Letters: Students say Park City’s bag ban should be expanded

Is Treasure more important than school bond?


The tax payers in this town will have 2 big bonds to consider in the coming years. The schools and Treasure Hill. If you have to choose 1, do you choose education for the children of our community or greenmail (greenmail is money that is paid to an entity to make it stop an aggressive behavior)?

I don’t want 1,000,000 sq ft built up on Treasure Hill, but could live with the original 500,000 sq ft plan. Seems ridiculous to me that we pay them the profit to go away when they changed the terms. So if they want to change the terms, why doesn’t the town do so too? Many ski towns have transfer taxes. Park City should impose a transfer tax of 50% on all new construction. Since PC is at least 98% built already this would not affect too many of us. Of course we could remove the transfer tax when they agree to their original terms of 500,000 sq ft.

Before Park city spends money on greenmail they should think about what’s more important — schools or making a few rich people richer. If the town proceeds to buy the land (but not at that price), this would make a great location for a locals only parking lot and ski lift!

Stuart Goldner

Park City

Park City’s bag ban is important


Sen. David Buxton, a Republican from Roy sponsored S.B. 218 to overturn Park City’s ban on large stores distributing Plastic Bags. It would be wonderful if everyone took their Plastic Bags back to the store for recycling, however, most people throw them in the trash. It takes 20 years for one plastic bag to break down in the environment. One Park City store commented that they were distributing 1,300 Plastic Bags per day before the ban. The State of California banned Plastic Bags a couple of years ago. Guess What? Everyone got used to it. It works very well. It’s easy to save bags that you get in other places and reuse them. My husband and I have been doing that for years and it’s not difficult. If Park City is serious about going GREEN we cannot let this State Senator make changes to our “Good for the Environment” policies.

Marleen Hood

Park City

Students say bag ban should be expanded

Did you know that Park City has passed a plastic bag ban? We would like to spread the ban throughout Summit County because plastic bags are very bad for the environment. For example, in California about 3 tons of plastic gets dumped into the ocean every day. All of that plastic can harm animals, can lead to diseases, and cannot be recycled.

First off, when people put plastic bags in the recycling. Plastic bags interrupt the recycling machines from working properly and then to fix them, it costs a lot of money! The people who work there have to be fast or else it clogs up the machines.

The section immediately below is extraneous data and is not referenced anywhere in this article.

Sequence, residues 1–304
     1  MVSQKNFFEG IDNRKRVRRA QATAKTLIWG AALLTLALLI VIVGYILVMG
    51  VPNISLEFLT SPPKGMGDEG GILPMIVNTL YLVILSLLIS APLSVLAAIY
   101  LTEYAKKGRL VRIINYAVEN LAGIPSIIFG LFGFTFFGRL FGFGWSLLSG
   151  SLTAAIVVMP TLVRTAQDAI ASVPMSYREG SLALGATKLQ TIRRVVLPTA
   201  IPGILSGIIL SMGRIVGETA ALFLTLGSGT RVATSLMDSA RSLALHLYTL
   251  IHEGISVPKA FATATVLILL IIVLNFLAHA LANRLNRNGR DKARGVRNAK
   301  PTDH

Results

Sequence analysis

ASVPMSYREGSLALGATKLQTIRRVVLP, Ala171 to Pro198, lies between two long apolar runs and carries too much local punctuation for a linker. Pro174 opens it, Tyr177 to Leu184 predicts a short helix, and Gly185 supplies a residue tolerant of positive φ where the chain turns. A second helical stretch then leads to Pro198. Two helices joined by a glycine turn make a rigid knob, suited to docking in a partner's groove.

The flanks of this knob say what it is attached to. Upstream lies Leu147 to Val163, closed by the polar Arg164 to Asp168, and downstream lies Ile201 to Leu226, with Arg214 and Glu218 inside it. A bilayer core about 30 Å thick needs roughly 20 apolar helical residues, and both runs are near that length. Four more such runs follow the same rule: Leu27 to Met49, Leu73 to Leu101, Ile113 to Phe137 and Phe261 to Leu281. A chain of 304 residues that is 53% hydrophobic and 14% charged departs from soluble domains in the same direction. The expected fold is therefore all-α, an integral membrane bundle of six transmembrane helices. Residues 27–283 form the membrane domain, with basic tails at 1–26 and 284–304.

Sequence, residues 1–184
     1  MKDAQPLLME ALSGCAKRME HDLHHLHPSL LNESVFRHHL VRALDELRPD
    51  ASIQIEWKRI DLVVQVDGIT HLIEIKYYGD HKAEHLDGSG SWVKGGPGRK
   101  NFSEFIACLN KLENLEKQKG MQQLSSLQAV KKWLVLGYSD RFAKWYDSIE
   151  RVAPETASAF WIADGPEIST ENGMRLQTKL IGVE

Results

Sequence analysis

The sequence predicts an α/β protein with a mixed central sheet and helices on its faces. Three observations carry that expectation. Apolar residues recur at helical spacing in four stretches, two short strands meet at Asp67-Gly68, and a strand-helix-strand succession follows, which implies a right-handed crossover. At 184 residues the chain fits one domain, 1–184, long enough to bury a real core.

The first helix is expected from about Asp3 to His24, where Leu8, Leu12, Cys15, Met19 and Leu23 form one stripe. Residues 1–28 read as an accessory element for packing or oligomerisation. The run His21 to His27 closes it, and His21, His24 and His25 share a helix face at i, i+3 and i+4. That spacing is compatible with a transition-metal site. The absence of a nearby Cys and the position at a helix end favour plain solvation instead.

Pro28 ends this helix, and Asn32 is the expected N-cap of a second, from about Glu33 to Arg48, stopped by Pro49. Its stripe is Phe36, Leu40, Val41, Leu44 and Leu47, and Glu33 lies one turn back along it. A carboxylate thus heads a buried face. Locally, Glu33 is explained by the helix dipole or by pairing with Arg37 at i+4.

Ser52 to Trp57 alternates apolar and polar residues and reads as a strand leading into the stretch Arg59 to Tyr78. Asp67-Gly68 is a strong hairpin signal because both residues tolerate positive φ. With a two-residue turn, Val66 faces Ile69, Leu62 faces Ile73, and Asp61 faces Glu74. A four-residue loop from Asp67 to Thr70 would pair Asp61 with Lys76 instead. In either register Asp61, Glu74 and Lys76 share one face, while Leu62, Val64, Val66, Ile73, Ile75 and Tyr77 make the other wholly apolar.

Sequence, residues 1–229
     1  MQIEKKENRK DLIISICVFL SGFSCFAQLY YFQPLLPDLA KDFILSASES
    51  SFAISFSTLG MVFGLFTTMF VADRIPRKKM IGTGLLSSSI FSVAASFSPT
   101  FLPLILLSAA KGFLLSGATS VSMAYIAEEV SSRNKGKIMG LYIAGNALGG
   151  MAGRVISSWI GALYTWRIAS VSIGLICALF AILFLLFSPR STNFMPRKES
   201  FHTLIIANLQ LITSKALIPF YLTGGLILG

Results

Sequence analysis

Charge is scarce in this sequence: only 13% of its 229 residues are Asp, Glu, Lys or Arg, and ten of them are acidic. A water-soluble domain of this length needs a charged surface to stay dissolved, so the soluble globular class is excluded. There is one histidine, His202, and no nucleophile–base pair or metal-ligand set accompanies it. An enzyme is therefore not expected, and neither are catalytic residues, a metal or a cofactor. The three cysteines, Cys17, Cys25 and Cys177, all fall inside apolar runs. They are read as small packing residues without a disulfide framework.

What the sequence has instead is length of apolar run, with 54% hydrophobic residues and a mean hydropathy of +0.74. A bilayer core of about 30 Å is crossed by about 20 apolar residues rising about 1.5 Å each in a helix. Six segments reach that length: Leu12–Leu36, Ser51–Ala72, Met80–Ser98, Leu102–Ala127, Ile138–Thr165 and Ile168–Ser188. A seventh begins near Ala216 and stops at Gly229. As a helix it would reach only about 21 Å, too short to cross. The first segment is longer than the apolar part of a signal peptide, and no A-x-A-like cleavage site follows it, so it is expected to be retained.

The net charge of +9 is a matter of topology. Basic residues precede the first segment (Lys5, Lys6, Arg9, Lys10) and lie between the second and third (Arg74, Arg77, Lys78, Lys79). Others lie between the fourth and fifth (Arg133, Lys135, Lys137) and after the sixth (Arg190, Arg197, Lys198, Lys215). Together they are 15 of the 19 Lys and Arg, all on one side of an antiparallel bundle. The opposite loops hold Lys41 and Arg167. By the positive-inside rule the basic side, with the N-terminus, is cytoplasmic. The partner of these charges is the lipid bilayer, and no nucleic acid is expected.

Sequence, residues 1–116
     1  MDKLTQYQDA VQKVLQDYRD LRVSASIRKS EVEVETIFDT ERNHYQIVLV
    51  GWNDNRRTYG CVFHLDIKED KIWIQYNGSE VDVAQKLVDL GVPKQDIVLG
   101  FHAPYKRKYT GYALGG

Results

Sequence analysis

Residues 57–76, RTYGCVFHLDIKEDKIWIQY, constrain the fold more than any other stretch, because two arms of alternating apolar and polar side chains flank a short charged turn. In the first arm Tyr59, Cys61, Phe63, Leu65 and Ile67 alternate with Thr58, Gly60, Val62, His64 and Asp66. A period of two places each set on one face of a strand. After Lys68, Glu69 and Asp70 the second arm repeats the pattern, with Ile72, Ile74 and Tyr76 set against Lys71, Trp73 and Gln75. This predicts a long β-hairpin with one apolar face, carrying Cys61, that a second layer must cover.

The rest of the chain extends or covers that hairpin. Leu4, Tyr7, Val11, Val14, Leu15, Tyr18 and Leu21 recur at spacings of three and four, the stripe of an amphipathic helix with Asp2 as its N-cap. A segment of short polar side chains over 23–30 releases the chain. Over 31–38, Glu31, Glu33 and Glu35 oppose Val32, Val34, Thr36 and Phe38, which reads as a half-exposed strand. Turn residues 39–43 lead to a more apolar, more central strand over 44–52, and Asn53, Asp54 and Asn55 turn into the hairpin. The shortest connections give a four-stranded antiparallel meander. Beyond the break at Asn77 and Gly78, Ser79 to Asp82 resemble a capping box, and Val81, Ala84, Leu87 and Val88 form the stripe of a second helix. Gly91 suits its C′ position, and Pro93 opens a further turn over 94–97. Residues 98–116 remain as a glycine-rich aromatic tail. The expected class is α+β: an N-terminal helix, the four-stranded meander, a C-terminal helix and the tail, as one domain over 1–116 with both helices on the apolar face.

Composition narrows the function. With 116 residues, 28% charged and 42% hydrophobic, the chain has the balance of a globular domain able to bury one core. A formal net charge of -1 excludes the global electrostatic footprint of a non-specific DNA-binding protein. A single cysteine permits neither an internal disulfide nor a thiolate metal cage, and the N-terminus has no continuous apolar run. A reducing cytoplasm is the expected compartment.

Also, plastic bags are bad for all of the wildlife. Some animals might think it’s food, choke on it, and then die. About 100,000 marine animals die from all of the garbage patches in the ocean each year! We need to stop these plastic monsters from destroying our community, our country, and our planet.

In addition, plastic is also dangerous to humans. Toxic chemicals are found in plastic which can affect the human body causing cancer, birth defects, and many more horrible diseases.

Some may say that plastic bags are great for picking up dog poop or for mini trash cans, but can you guess where it ends up? Back in the landfill which eventually can end up in the ocean!

In conclusion, those are only some of the reasons why we should ban plastic bags in Summit County and eventually all over the United States. If we keep using plastic bags we will eventually destroy parts of the planet and nobody wants that, right? We all want a healthy planet to live on.

Clarissa Fleming, Dylan Fleig, Katie Olson

Jeremy Ranch Elementary School, fifth grade

Athenaeum Club gives back


Park City Athenaeum Club spent Tuesday morning, February 20th at the offices of Hope Alliance. Nine members of the club were assisting the Hope Alliance Vision Program by cleaning and sanitizing collected used eye wear. This has become an annual February tradition for the Athenaeum Club. Club members helped to wash, sanitize and sort used eye ware that will make its way to Guatemala, Peru and Haiti.

Hope Alliance Vision Program uses recycled and used eyeglasses to help those with a need experience corrected vision. The Vision Program uses lay workers and volunteer professionals. Guatemala and Peru have been served by this program since 2001. A program in Haiti was implemented in 2016. A domestic program of one day clinics also has been implemented in Park City, Goshute Native Reservation, Salt Lake City and Moab. The domestic clinics provide frames and help for discounted lens prescriptions.

The next meeting of the Park City Athenaeum Club will be March 20th at 2:00 pm in the Community Room of the Park City Library. Guests are always welcome.

Toni Gannon

Park City Athenaeum Club

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